DIC could enable the monitoring of the components in service and detect in-service creep, creep fatigue and environmental-assisted cracking. Positive initial results in a feasibility study, funded by the Technology Strategy Board, are encouraging, and leading to potential application in the remote detection of component ageing and the development of defects.

The fundamental testing and modelling of component manufacture and performance helps to ensure the future of the nuclear industry is secure. The world works better with us. 

Nuclear graphite – plant life extension

There are 14 advanced gas-cooled reactors (AGRs) in the UK. Our fundamental research underpins safe plant life extension supporting continued operation beyond original design lifetime.

AGRs provide a significant portion of the country’s nuclear electricity (typically 15%). Nuclear graphite is used as a moderator in these reactors, and in the UK’s one remaining Magnox reactor, but is considered to be a limiting factor in the AGRs’ operational life. The graphite ages and degrades with time, and therefore a thorough understanding of nuclear graphite’s mechanical and structural properties is important for safe life extension of existing reactors.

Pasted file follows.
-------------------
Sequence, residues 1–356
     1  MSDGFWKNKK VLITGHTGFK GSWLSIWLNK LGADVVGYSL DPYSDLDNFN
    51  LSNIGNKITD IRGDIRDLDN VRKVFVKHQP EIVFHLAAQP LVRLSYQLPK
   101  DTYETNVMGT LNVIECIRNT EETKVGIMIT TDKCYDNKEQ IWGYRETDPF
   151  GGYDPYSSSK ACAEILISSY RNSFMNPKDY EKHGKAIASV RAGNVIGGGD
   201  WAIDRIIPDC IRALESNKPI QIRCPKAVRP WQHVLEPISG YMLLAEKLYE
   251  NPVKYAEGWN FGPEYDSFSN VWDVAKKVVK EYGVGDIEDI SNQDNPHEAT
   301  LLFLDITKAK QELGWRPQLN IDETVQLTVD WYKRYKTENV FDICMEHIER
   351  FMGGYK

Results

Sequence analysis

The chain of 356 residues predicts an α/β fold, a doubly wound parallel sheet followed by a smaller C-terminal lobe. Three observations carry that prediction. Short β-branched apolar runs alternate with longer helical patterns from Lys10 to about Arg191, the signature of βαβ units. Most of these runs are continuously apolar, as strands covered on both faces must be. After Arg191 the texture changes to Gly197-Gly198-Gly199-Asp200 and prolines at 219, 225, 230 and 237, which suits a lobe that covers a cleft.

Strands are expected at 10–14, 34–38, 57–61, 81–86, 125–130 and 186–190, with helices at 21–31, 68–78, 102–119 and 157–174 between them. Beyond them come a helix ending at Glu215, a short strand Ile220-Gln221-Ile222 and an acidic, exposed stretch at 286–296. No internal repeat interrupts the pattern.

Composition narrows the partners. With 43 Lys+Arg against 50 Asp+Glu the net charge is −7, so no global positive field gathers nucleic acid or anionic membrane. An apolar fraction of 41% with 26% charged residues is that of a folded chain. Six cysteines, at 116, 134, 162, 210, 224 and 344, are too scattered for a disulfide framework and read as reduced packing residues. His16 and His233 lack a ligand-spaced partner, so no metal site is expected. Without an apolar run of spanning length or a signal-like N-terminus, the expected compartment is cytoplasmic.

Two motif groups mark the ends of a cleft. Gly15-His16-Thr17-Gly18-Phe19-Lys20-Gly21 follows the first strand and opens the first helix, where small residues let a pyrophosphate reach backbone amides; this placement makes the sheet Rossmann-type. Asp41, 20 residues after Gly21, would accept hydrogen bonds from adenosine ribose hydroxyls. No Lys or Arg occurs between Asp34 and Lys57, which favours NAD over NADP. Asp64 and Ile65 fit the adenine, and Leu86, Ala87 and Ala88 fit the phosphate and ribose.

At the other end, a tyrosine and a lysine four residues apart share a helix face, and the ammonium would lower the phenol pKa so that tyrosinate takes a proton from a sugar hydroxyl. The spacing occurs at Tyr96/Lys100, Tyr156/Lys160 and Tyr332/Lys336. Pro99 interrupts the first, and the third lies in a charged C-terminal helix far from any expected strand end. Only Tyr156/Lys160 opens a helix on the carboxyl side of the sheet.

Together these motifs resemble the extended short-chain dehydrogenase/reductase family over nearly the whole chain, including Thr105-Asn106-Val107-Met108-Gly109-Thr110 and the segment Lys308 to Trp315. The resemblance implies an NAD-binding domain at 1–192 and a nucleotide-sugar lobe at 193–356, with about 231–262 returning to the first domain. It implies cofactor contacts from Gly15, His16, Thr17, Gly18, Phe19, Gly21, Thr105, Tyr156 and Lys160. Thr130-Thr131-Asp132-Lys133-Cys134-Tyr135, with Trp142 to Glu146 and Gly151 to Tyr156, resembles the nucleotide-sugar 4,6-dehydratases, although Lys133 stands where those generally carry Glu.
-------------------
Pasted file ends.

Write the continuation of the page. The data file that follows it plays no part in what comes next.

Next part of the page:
Our Dalton Nuclear Institute provides critical research and expertise to advise on the continued safe operation of the UK’s AGRs. Since 2001 our team of graphite experts has been an essential source of independent advice in the review of safety cases for consideration by the Office for Nuclear Regulation (ONR) – responsible for granting the licence for continued operation – enabling lifetime extension proposals for EDF Energy.

By providing critical research and advice, our experts work with the ONR and EDF Energy to deliver the reassurance needed for the continued operation of AGRs, so they can continue to generate power while new reactors are being developed. The world works better with us.